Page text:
Depo-Provera Linked to Increased HIV Risk in Africa

Ricki Lewis, PhD

January 09, 2015

The injectable contraceptive depot medroxyprogesterone (Depo-Provera or DMPA) is associated with elevated risk for HIV infection among women in low-income or middle-income countries of sub-Saharan Africa, according to a study published online January 8 in Lancet Infectious Diseases.

"The context in which to interpret our findings is different in the US, where the [Centers for Disease Control and Prevention] estimates that there about 50,000 new HIV infections per year. Depo-Provera use is less common among women in the US but is one of the more popular contraceptive methods women use in sub-Saharan Africa," Lauren Ralph, MPH, a doctoral candidate in the Department of Epidemiology at the University of California, Berkeley, and lead author of the article, told Medscape Medical News. Nationwide risk is difficult to assess because HIV prevalence and incidence vary greatly in different population subgroups, she added.

Approximately 144 million women worldwide use hormonal contraception. About 41 million use injectable products and 103 million take contraceptive pills. Hormonal contraception frees women from unwanted pregnancy, yet may expose them to HIV if their partners do not use condoms.

Researchers have scrutinized a possible link between hormonal contraception and increased susceptibility to HIV infection for 3 decades. Because study results have been inconclusive, the World Health Organization's statement on Hormonal Contraception and HIV from 2012 advises women at high risk for HIV infection to use condoms if they are using progestin-only injectable contraception.

The new report builds on a systematic review from 2013 ( Lancet Infect Dis. 2013;13:797-808) by quantitatively considering the heterogeneity among the studied populations and assessing specific contraceptive methods.

The investigators searched PubMed for reports published since December 2011. They identified 26 relevant observational studies, 12 of which met their inclusion criteria, including use of hormonal contraceptives (one or more of DMPA, norethisterone enanthate, combined oral contraceptives, or progestin-only pills). In addition, all of the studies were prospective, excluded HIV-positive women, and adjusted for age and condom use to minimize confounders. The overall loss to follow-up was less than 30%. The researchers used random-effects models to minimize heterogeneity across studies.

The 12 studies included more than 39,500 women. Ten studies considered DMPA and found an increase in HIV risk (pooled hazard ratio [HR], 1.40; 95% confidence interval [CI], 1.16 - 1.69), but it was lower in eight of those studies that surveyed women in the general population (pooled HR, 1.31, 95% CI, 1.10 - 1.57). The two DMPA studies done in women at high risk for HIV infection were too different from each other in design to provide meaningful data.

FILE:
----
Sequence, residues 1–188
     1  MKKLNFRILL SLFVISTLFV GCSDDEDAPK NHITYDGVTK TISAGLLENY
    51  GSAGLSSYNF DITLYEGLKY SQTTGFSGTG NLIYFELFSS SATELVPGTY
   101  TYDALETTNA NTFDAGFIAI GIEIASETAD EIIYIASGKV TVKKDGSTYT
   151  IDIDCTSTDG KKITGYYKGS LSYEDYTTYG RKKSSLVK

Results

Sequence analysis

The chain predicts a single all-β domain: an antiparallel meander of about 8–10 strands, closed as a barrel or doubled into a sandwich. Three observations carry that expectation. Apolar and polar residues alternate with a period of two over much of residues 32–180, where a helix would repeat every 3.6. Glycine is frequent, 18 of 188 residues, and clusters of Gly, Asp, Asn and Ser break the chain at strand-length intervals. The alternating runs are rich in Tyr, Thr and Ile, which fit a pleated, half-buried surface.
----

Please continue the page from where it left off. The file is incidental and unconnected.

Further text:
Ten studies of oral contraceptive pills found no increase in risk (pooled HR, 1.00; 95% CI, 0.86 - 1.16), nor did five studies of norethisterone enanthate (pooled HR, 1.10; 95% CI, 0.88 - 1.37).

The increase risk for HIV infection among women who use DMPA was 40% for all women and 31% for those at elevated risk for infection, such as sex workers, users of injectable drugs, and women in relationships with HIV-positive partners. "Within each specific population, some groups are affected more than others. DMPA users were 40% more likely to be infected than nonusers, even though the risk of HIV in both groups remains low," Ralph said.

The mechanism behind a link between DMPA and HIV infection is not known. Although some evidence indicates that women who use hormonal contraception use condoms less than other women, and the hormones could alter the female genital tract, vaginal flora, or immune response in ways that increase susceptibility to HIV, it is not clear why an injectable form would do so and not oral forms. Reports such as "Hormonal Contraception and HIV-1 Transmission" ( Am J Reprod Immunol. 2011;65:302-307) consider the two together and call for distinction, which the new quantitative meta-analysis accomplishes.

Ralph put the findings in perspective: "Whether the increased risk merits withdrawal of DMPA needs to be balanced against the known benefits of highly effective contraception in preventing unintended pregnancy and its associated morbidity and mortality. Withdrawal of DMPA would not be warranted in most countries for women in the general population. "

A limitation of the investigation is the inability of the reviewed observational studies to indicate causal relationships.

In an accompanying comment, Christopher Colvin, PhD, from the Division of Social and Behavioural Sciences, School of Public Health and Family Medicine, University of Cape Town, South Africa, and Abigail Harrison, PhD, from the Department of Behavioral and Social Sciences, Brown University School of Public, Providence, Rhode Island, address the ethics of conducting controlled clinical trials to better assess the contribution of specific hormonal contraceptives to increasing risk for HIV infection.

Randomized trials would offer more information but would have obvious risks, agreed Mary Rosser, MD, PhD, from the Department of Obstetrics & Gynecology & Women's Health at Montefiore Medical Center, Bronx, New York, as would prospective studies of the timing of contraception use to acute HIV infection. She applauded the new study. "It's helpful to have the data summarized in this manner and attention should focus on those women in the high risk category," Dr Rosser told Medscape Medical News.

The authors, commentators, and Dr Rosser have disclosed no relevant financial relationships.

Lancet Infect Dis. Published online January 8, 2015. Abstract


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